Specifically, L’Oréal Spain has implemented creative optimizations in several of its digital campaigns – among them with brands such as Garnier, Biotherm or Kerastase – where it has reduced the weight of its creativity, obtaining the same quality perceived by the end user and the same efficiency. of the media. With this type of measure, the French company managed to reduce GHG emissions from optimized creatives by 30%. “If L’Oreal scales this learning to all future campaigns, we can get to a minimum of 30% and keep moving forward. The idea is to show the industry that this works”, says Vincent Villaret, CEO and co-founder of the startup.

Focusing on eliminating emissions from online campaigns can cut a company’s energy consumption in half, without affecting business performance.

For years L’Oréal has been committed to sustainability and created its ‘L’Oréal for the Future’ program in order to reduce its GHG emissions by 50% per unit of finished product; eliminate half of the emissions with its main suppliers by 2030, and that all its factories are carbon neutral by 2025, among others. With these objectives, the French company has committed to lowering scope 1 and 2 points and with its alliance with Impact+ seeks to focus on type 3 emissions (other indirect emissions that can be produced in a company’s value chain). . Like them, other large international companies such as IAB Europe, Heineken France, Adot, Danone or Azerion have also joined in reducing their online advertising impact in recent years.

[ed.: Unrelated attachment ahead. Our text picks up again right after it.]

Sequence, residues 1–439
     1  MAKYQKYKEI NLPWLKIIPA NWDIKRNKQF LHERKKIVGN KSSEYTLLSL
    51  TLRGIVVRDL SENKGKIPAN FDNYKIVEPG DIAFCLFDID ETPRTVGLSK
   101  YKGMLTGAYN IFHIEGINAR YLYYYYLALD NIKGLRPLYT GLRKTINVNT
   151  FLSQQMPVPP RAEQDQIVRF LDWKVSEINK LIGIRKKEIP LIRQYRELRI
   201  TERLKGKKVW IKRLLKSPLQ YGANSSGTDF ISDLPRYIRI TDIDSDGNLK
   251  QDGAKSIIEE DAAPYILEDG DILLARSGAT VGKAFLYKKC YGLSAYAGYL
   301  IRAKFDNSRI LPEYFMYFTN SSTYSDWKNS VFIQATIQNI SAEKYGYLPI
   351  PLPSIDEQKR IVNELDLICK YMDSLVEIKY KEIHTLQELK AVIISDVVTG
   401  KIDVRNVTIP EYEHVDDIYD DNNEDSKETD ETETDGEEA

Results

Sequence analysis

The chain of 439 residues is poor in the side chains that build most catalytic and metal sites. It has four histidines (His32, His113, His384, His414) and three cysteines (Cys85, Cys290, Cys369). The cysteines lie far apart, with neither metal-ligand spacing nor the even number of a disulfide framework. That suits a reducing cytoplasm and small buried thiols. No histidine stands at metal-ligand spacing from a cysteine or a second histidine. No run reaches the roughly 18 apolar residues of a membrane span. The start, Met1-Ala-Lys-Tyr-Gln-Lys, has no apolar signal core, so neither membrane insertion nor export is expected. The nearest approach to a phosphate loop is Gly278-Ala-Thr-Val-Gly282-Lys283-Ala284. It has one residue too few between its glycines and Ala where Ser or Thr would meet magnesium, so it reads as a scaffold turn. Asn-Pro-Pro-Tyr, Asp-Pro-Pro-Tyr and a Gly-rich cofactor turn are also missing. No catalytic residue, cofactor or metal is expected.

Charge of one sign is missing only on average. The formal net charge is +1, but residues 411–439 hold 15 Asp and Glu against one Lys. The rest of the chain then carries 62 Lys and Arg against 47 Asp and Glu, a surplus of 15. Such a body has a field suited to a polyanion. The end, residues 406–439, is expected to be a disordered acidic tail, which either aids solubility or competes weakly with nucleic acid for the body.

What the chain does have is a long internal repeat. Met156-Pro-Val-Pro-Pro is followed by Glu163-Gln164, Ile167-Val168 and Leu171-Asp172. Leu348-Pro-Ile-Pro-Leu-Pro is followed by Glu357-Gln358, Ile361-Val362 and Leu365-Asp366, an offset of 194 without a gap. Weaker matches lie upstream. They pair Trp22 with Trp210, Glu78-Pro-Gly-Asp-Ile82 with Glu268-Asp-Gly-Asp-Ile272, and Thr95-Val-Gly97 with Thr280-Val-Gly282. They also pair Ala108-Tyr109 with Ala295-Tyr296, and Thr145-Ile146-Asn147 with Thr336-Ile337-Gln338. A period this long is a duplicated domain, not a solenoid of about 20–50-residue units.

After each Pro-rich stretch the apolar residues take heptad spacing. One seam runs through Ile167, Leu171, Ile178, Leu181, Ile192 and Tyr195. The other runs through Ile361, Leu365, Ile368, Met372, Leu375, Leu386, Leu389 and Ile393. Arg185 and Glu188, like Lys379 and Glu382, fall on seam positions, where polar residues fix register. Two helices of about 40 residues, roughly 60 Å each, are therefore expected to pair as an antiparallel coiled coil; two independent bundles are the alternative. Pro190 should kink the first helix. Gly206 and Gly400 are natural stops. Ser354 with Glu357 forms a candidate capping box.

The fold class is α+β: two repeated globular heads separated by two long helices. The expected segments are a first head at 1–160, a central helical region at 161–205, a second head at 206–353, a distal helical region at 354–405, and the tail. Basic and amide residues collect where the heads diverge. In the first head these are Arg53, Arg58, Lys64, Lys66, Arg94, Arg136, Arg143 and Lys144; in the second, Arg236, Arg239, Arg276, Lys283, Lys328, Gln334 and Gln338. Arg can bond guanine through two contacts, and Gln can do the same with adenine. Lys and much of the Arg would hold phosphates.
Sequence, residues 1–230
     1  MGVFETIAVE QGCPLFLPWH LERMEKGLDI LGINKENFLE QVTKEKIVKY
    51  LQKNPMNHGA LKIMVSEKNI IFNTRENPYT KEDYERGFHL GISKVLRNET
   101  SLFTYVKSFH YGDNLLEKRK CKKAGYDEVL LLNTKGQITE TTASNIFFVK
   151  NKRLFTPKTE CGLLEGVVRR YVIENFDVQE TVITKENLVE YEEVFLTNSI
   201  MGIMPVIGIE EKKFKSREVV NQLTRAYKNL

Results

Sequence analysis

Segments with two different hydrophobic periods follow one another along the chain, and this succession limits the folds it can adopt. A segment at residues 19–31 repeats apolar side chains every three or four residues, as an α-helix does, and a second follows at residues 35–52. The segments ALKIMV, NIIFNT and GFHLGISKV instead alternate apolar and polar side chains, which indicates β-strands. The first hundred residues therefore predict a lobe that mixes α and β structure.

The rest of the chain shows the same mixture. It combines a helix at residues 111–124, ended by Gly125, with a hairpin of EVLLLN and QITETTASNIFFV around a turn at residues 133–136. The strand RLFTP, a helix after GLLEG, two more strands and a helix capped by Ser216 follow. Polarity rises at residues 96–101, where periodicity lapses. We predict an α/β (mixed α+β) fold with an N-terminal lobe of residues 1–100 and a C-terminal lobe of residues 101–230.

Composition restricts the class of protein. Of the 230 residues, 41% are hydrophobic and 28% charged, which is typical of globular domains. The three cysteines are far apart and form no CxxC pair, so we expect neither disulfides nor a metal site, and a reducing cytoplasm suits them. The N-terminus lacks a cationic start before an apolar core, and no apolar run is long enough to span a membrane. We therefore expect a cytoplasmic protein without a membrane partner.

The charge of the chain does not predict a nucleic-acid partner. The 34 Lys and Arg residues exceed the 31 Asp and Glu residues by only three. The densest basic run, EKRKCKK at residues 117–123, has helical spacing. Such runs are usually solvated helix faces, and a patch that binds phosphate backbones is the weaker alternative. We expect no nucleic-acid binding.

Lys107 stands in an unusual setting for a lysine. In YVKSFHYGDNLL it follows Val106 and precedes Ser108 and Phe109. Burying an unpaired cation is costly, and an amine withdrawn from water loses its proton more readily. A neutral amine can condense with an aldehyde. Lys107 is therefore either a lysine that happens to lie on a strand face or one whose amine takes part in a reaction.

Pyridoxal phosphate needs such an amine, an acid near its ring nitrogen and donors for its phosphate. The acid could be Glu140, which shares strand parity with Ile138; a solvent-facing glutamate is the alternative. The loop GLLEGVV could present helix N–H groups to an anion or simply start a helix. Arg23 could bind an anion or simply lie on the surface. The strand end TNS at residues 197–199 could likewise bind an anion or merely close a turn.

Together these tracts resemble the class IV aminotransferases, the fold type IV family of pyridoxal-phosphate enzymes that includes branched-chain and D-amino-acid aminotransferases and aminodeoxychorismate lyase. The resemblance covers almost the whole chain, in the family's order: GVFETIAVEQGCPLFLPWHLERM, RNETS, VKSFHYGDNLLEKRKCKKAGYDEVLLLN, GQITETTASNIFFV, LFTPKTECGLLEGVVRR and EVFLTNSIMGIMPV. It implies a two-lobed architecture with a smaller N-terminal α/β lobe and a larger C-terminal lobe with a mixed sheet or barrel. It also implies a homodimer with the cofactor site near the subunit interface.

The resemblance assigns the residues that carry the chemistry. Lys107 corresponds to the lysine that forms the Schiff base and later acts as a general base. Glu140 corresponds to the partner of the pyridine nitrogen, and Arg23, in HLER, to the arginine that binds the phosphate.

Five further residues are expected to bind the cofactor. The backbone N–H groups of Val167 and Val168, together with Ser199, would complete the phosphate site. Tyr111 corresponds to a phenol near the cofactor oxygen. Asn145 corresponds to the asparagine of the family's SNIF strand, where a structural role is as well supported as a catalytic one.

“We want to help all the large groups that have a corporate social responsibility (CSR) strategy to achieve their objectives,” says Villaret. In addition, the co-founders call on organizations to join in reducing these ‘hidden’ emissions, to achieve the goal of the Paris Agreement and anticipate regulatory obligations and reduce the company’s energy consumption by half, without affecting ar commercial performance. “Every step counts now. We see it as a new opportunity to act and do it quickly because time is running out and we have a long way to go. This has been our commitment for years and we remain firm with it”, concludes the head of external communication for L’Oréal Spain, Rosa Díaz.

Educate to impact

Both L’Oréal and Danone or Heineken have chosen to follow the ‘green’ path of advertising. Day by day more companies join to achieve CO2 reduction targets, and the important thing, according to Impact+, is “to educate the industry about this and ask partners, workers and users who use Wi-Fi, to watch videos on YouTube , Netflix or different platforms with lower resolution, and that they take measures in this regard”. The objective of other agencies, media or multinationals joining the digital ‘net zero’ is to generate awareness and “from this awareness move towards a better understanding of the impact of advertising”.

* This website provides news content gathered from various internet sources. It is crucial to understand that we are not responsible for the accuracy, completeness, or reliability of the information presented Read More

Puck Henry
Puck Henry
Puck Henry is an editor for ePrimefeed covering all types of news.